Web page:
The Gradual week 1
Summary - Chapters 1-6)
- We are given a brief intro to our character. He is a musician, composer, sometimes criminal and fugitive, and later 'an inadvertent traveller in time'. We are introduced to the concept of 'the gradual' - at least empirically speaking. The gradual is a process that, like ageing, unfolds too slowly to notice most of the time. Music and Warfare are to be constant themes of his life.
- Our character is introduced as Alessandro Susskin. He tells us of his childhood in costal Errest, a provincial industrial city in Glaund with what was once a significant arts scene. His father was a first violinist with the philharmonic, and his mother a touring opera singer. Both put their careers on hold when the war closed the scene. They took to teaching. Sandro is a violinist and pianist, but also plays guitar and recorder and composes. His brother Jacj is also a violinist, but hopes to become a lawyer if he can avoid the draft. Sandro tells us about how one day he climbed into the attic and from there spotted his first islands. These made an indelible impression on his life, and he began to dream.
- And agreement is made between Glaund and Faiandland to move the theatre of war to the south continent. That means that local bombing will cease, but warfare will continue. When Jacj turns 18, he is drafted into service. His parents try to convince him to hide in the mountains to the north, but he declines. His plan is to observe and document the war, which he considers illegal, and to make a legal case against it on his return. Shortly after he receives the letter, he boards a grey bus and departs.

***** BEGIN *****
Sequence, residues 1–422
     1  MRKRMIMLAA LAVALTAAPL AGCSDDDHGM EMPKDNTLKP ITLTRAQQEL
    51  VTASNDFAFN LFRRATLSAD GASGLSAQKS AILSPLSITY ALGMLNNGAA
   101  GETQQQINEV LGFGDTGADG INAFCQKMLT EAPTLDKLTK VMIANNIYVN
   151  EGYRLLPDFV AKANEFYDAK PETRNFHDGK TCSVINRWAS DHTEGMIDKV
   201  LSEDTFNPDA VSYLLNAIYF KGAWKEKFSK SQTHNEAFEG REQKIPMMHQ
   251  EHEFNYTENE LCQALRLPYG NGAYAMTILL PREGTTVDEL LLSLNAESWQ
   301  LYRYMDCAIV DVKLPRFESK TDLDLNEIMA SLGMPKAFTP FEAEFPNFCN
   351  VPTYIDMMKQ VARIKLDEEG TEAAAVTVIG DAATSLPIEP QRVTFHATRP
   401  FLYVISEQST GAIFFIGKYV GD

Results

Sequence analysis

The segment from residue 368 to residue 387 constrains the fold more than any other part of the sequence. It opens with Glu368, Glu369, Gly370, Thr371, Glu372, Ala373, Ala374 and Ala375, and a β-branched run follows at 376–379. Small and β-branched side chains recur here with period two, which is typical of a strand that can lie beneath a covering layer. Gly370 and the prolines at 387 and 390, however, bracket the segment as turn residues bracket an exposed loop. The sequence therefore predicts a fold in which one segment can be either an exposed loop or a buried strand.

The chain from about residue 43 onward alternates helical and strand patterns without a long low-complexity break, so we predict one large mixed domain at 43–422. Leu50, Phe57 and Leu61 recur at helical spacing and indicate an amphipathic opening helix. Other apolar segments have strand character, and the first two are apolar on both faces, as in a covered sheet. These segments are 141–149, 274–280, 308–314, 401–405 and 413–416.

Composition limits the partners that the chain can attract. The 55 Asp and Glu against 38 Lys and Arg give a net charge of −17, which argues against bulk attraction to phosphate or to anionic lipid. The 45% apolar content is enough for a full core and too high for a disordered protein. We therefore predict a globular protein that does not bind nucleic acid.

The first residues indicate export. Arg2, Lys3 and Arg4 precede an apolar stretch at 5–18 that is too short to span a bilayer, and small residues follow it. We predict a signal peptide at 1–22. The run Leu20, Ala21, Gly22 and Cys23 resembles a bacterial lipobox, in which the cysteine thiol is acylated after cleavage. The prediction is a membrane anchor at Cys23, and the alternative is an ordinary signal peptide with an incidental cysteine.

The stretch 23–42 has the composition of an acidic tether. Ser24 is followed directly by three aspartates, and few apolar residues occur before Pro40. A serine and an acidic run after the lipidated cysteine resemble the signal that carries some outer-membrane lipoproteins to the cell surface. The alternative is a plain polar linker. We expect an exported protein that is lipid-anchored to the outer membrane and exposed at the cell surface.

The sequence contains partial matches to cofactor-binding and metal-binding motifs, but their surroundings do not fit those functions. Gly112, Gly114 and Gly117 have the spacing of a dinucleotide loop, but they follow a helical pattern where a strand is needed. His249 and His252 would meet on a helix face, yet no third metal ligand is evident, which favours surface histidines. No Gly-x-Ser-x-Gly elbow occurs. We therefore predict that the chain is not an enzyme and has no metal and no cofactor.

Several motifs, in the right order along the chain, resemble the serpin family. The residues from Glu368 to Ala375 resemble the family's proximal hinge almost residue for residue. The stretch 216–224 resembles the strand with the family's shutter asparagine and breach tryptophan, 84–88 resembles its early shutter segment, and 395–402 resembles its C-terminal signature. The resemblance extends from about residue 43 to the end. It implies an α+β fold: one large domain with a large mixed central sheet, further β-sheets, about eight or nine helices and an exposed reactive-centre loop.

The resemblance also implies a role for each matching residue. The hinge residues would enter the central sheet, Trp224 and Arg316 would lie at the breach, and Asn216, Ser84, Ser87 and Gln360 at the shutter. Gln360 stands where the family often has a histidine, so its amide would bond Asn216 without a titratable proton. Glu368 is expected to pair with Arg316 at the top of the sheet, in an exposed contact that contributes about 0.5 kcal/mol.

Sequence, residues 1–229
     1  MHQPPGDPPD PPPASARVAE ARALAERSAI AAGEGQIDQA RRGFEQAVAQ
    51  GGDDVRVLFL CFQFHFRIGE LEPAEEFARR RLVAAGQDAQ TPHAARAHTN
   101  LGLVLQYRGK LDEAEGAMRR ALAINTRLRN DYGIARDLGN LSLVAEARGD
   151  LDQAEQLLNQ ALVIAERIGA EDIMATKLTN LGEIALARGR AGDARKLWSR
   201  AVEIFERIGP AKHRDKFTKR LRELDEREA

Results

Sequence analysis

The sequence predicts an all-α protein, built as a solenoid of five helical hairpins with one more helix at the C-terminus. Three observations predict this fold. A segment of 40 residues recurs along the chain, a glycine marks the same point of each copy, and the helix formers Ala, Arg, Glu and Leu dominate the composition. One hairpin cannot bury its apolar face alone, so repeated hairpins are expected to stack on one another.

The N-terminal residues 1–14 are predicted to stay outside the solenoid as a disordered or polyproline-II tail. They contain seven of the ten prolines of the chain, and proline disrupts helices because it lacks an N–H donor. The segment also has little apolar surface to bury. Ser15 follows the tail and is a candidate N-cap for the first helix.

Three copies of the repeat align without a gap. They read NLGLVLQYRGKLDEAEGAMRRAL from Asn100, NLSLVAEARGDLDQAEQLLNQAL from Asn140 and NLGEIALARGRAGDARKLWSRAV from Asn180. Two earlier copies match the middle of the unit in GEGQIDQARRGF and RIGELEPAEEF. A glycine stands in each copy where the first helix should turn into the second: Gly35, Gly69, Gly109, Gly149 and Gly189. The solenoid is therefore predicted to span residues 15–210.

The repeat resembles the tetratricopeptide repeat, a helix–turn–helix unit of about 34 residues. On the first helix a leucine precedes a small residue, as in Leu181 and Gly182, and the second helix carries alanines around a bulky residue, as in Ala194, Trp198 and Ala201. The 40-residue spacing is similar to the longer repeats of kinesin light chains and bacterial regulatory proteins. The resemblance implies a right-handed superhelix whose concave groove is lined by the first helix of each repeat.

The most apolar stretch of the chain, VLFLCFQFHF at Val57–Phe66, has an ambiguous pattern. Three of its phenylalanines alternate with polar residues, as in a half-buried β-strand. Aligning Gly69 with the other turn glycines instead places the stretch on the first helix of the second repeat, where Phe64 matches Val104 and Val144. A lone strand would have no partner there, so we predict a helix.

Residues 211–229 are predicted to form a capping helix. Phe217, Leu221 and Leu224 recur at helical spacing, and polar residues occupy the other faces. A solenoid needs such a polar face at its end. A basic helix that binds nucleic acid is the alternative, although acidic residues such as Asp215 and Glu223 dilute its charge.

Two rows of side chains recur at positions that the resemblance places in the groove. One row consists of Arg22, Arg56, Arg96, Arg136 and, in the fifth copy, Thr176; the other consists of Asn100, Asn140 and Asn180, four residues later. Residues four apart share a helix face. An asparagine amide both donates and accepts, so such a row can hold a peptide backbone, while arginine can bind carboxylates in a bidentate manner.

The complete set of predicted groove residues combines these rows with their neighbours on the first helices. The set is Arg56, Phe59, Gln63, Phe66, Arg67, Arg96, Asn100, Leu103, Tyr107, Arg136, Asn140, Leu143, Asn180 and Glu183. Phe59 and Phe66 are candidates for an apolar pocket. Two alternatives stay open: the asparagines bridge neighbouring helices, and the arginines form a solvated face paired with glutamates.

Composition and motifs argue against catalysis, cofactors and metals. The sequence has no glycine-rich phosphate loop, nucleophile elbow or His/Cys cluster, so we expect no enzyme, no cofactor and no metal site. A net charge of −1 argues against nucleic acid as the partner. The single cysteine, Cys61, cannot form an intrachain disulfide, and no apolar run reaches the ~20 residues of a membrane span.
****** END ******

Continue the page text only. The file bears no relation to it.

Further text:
- Sandro takes a job with a munitions manufacturer at the age of 16. This work allows him to avoid the draft. He spends the next 11 years gets his first recital, a landscape inspired peace called Breath which he performs with his friend, Alynna Rosson, on violin. He himself plays piano. After the recital, both are moved to tears, but for very different reasons. He is pleased, but she is very upset by the pauses in the music, which were marked red in the score and left her feeling alone. She leaves abruptly, declining to perform it again.
- Now in his thirties, Sandro has a chance to offer a piece to a record company for a compilation album. They agree to take a chamber piece called Dianme, which is inspired by a local offshore island and it's mythology. The piece is published to little local acclaim.
- Sandro sends another piece, Tidal Symbols, to the record company and they agree to record it. He travels to Glaund City for the recording and once again meets Alynna. Many years have passed and this time they hit it off. He also meets a composer named Denn Mytrie from the island of Muriseay, here on cultural exchange. Denn's piece will be on the other side of the album. Denn seems to be an admirer of Sandro's piece, Dianme, and tells him it has been receiving radio play in the islands. Not only will Denn and Sandro become friends, but four months later Sandro marries Alynna.
- Based on the first few sections, are you feeling a warming trend or a cold front toward the novel?
- There are some familiar setting elements. The nature of this war seems to have varied a bit from story to story, but Priest sets up this specific variation up front. The artists don't seem to be the destructive individuals they are in The Islanders, but time will tell, I assume.
- Why do you think Alynna was moved so by the performance of Breath?
- In the opening section, Sandro tells us about the ultimate fate of many people. Why? Does it bother you?
- The marriage - why has Priest chosen to write about it this way, do you think?